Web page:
Daily entries from the 17th century London diary
The overlays that highlight 17th century London features are approximate and derived from:
Town and roadstead port, northeastern Algeria, on the Mediterranean seacoast and the western edge of the Collo Kabylie region. The city of Jijel, originally a Phoenician trading post, passed successively to the Romans (as Igilgili), the Arabs, and, in the 16th century, to the pirate Khayr ad-Din (Barbarossa). It remained a corsair stronghold until captured by the French in 1839. Strong local resistance, finally subdued in 1851, resulted in the construction of three forts along its southern fringe and minimal colonization. The original town was devastated by an earthquake in 1856.
In 1664, July 23 under the reign of Louis XIV, a French forwarding directed by the Duke of Beaufort, small natural son of Henri IV unloaded and took the city. Resistance was organized under the direction of Aga Chabane and the French were driven out in October of the same year. Several were done prisoners. Some were repurchased by their families by paying a ransom. Others, which had not been repurchased remained like slaves and were freed thereafter and became highly skilled sailors and took part even in the race under the direction of the corsairs jijeliens.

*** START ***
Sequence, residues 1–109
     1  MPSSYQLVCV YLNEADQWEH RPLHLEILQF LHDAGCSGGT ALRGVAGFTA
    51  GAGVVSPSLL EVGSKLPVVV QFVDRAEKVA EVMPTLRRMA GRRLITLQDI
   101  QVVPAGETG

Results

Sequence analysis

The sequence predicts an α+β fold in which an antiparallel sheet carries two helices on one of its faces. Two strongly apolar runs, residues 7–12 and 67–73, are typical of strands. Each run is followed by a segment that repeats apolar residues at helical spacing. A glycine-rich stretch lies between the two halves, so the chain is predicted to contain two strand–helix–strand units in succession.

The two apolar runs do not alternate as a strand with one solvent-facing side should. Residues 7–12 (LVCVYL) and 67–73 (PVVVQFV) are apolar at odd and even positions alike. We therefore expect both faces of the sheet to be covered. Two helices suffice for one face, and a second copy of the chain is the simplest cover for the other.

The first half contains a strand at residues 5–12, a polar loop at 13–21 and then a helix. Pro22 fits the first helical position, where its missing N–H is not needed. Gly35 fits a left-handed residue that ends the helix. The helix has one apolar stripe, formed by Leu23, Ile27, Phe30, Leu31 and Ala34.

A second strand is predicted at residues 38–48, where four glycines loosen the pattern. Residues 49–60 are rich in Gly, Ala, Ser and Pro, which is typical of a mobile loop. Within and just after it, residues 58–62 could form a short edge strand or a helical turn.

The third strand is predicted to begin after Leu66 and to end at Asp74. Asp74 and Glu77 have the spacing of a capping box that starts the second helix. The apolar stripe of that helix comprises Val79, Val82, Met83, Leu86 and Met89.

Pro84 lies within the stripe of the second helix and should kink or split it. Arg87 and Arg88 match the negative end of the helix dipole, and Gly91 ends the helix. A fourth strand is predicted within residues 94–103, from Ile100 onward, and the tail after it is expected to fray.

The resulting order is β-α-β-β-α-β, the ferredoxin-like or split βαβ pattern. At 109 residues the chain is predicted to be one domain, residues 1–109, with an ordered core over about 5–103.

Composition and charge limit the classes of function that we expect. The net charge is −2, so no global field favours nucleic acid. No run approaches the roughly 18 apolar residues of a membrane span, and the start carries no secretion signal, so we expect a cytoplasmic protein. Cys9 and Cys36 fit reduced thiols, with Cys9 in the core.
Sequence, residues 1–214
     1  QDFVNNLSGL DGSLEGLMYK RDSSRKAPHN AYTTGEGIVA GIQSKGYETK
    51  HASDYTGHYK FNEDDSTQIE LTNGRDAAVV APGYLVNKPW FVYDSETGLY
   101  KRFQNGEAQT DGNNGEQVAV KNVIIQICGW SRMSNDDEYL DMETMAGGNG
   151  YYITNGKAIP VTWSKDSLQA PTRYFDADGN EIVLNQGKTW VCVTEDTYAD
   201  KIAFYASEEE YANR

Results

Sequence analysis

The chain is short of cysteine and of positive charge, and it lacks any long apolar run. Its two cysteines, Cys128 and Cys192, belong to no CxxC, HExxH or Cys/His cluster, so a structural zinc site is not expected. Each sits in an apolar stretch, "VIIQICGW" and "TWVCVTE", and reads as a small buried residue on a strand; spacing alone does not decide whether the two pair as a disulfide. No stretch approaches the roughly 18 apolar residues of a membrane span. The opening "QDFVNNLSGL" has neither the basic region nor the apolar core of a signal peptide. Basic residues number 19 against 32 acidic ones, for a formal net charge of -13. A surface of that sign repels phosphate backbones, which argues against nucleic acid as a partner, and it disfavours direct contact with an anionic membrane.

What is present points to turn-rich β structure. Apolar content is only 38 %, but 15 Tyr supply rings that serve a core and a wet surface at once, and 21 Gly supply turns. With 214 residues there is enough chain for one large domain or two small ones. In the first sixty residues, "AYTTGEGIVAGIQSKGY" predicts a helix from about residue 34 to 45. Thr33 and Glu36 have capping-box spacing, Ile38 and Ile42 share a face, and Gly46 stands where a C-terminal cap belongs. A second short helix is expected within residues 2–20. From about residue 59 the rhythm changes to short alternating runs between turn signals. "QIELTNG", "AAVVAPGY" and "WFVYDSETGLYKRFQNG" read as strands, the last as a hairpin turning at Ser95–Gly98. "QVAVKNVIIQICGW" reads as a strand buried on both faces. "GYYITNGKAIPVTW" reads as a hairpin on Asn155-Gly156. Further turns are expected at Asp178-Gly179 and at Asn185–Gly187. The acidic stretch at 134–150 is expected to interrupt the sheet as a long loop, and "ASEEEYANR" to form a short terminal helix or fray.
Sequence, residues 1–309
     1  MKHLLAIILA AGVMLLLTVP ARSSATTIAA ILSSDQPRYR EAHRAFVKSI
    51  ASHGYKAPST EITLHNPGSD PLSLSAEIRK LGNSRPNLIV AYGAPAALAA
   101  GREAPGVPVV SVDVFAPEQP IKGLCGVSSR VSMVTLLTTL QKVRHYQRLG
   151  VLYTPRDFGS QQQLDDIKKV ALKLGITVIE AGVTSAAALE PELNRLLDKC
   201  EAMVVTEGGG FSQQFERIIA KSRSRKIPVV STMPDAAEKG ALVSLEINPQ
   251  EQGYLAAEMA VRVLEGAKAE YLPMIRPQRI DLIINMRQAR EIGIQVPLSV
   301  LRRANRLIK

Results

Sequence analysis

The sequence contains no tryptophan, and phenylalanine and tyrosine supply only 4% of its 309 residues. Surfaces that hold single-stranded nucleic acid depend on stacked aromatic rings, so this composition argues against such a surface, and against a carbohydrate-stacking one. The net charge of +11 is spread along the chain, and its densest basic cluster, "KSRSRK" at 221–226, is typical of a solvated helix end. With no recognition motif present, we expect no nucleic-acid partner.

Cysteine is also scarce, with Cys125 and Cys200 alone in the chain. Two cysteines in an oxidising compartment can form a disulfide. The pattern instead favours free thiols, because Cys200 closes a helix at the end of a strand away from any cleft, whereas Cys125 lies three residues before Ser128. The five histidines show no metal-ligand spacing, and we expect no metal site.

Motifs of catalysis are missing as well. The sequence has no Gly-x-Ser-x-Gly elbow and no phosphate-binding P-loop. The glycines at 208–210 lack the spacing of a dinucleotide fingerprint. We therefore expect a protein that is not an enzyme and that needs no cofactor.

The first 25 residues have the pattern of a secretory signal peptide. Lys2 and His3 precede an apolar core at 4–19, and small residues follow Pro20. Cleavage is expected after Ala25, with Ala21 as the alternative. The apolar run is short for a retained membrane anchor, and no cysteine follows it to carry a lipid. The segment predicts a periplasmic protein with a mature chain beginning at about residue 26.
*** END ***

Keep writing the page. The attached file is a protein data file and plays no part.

When a shipwreck happens on the coast of Gigery, which is situated about fifty leagues to the eastward of Algiers, the inhabitants, who are a tribe of wandering Arabs, flock down from the mountains, and seize on everything they possibly can, without any consideration as to the country to which the vessel belongs. If it should happen to be a Turkish ship, the Mahommedan crew is dismissed, with a sufficient supply of provisions to enable them to reach a place where they can be relieved, but all other subjects are made slaves. These Arabs put a high value on iron, which was on one occasion attended with fatal consequences. A bark belonging to Tunis being stranded on the coast of Gigery, the inhabitants hastened on board to plunder. The Turks and Moors who composed the crew, were allowed to go at large; and the natives after carrying off as much as they could, were anxious to obtain the iron about the vessel. As they did not well know how to come at it, they laid a train to the powder magazine, concluding that if the ship blew up, they would be able to collect the iron from the fragments. On setting fire to the train, the vessel indeed blew up; but fifty of the plunderers, who had not retired beyond the effects of the explosion, were killed, and a much larger number wounded.
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